ear canal
ear drum
oval window
basilar membrane
scala vestibuli
scala timpani
tectorial membrane
hair cells
Appendix C
Fundamentals of
Psychoacoustics is a "discipline within psychology concerned with sound, its
perception and the physiological foundations of hearing" [75]. A few concepts
and facts of psychoacoustics are certainly useful to the sound designer and to
any computer scientist interested in working with sound. Several books provide
a wider treatment of this topic, at different degrees of depth [86, 105, 42, 111].
The ear
The human ear is usually described as composed of three parts. This system is
schematically depicted in figure 1.
the outer ear: The pinna couples the external space to the ear canal. Its shape
is exploited by the hearing system to extract directional information from
incoming sounds. The ear canal is a tube (length l 2.6cm, diameter d
0.6cm) closed on the inner side by a membrane called the ear drum. The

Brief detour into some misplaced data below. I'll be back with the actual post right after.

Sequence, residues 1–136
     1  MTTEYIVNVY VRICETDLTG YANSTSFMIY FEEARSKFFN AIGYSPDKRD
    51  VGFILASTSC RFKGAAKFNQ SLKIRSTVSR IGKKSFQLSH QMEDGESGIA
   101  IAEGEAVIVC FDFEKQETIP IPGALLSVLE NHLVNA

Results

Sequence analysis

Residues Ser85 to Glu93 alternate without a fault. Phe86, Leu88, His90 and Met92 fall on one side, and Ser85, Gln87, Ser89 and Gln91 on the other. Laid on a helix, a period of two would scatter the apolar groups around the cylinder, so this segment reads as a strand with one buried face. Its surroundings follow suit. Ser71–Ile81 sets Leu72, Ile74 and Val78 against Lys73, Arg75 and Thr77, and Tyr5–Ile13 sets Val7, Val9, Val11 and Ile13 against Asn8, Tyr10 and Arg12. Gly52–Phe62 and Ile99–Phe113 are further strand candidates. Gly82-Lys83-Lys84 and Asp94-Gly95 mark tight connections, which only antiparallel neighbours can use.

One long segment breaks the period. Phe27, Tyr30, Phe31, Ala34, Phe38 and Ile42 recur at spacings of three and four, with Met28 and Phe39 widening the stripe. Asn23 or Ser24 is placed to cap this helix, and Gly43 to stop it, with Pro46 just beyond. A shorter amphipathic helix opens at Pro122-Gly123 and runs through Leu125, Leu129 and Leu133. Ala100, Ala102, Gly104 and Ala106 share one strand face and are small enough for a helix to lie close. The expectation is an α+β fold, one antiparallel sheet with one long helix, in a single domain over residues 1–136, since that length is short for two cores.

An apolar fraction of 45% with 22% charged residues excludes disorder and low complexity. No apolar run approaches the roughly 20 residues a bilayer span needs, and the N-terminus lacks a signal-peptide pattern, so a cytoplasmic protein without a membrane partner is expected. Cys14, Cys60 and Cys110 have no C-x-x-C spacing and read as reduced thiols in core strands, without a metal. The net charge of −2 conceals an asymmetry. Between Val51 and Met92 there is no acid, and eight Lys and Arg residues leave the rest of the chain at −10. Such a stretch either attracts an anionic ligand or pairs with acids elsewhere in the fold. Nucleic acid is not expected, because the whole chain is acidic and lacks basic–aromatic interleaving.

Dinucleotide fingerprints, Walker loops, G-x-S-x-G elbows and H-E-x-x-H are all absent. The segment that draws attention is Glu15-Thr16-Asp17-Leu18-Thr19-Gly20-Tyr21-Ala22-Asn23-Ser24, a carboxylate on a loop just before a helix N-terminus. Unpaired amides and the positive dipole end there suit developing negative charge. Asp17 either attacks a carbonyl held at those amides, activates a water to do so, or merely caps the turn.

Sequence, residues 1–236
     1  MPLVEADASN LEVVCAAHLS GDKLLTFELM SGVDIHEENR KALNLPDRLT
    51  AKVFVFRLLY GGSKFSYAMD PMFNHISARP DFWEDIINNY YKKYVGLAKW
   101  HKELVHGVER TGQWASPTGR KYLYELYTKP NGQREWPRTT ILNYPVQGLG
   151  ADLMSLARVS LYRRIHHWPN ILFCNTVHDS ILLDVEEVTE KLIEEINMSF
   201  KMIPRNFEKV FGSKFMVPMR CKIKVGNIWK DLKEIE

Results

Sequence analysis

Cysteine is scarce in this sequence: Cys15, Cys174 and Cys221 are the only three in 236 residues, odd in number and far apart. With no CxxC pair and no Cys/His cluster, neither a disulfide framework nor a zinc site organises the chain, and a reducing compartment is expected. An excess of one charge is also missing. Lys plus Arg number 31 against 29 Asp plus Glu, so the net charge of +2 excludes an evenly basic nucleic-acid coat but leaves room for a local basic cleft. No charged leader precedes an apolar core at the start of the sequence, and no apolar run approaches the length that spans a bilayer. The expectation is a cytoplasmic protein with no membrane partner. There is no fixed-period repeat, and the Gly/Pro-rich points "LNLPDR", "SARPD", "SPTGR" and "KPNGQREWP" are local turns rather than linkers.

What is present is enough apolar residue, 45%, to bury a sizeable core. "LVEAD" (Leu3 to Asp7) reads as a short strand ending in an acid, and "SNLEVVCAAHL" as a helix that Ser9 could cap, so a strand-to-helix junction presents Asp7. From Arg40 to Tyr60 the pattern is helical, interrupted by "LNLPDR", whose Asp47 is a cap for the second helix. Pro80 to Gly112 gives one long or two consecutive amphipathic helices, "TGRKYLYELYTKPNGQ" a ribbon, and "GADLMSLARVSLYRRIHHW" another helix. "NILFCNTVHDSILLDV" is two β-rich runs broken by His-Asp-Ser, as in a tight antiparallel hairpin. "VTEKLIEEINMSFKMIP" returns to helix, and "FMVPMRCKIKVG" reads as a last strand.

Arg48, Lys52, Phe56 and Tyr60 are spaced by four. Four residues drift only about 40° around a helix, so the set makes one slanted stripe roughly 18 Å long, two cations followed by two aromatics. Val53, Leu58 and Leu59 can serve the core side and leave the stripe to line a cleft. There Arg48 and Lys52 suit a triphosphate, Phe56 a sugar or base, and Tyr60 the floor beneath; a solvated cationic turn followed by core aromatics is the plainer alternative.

tube acts as a quarter-of-wavelength resonator, exciting frequencies in the
neighborhood of f
3.3kHz, where c is the speed of sound in air;
the middle ear: It transmits mechanical energy, received from the ear drum,
to the inner ear through a membrane called the oval window. To do so, it
uses a chain of small bones, called the hammer, the anvil, and the stirrup;
the inner ear: It is a cavity, called cochlea, shaped like a snail shell, which is
shown rectified for clarity in figure 1. It contains a fluid and it is divided
by the basilar membrane into two chambers: the scala vestibuli and the
scala timpani. The length of the cochlea is about 3.5cm. Its diameter is
about 2mm at the oval window (base) and it gets narrower at the other
extreme (apex), where a narrow aperture (the helicotrema) allows the two
chambers to communicate. On top of the basilar membrane, the tectorial
membrane sustains about 16, 000 hair cells that pick up the transversal
motion of the basilar membrane and transmit it to the brain.
The vibrations of the oval window excite the fluid of the scala vestibuli. By
pressure differences between the scala vestibuli and scala timpani, the basilar
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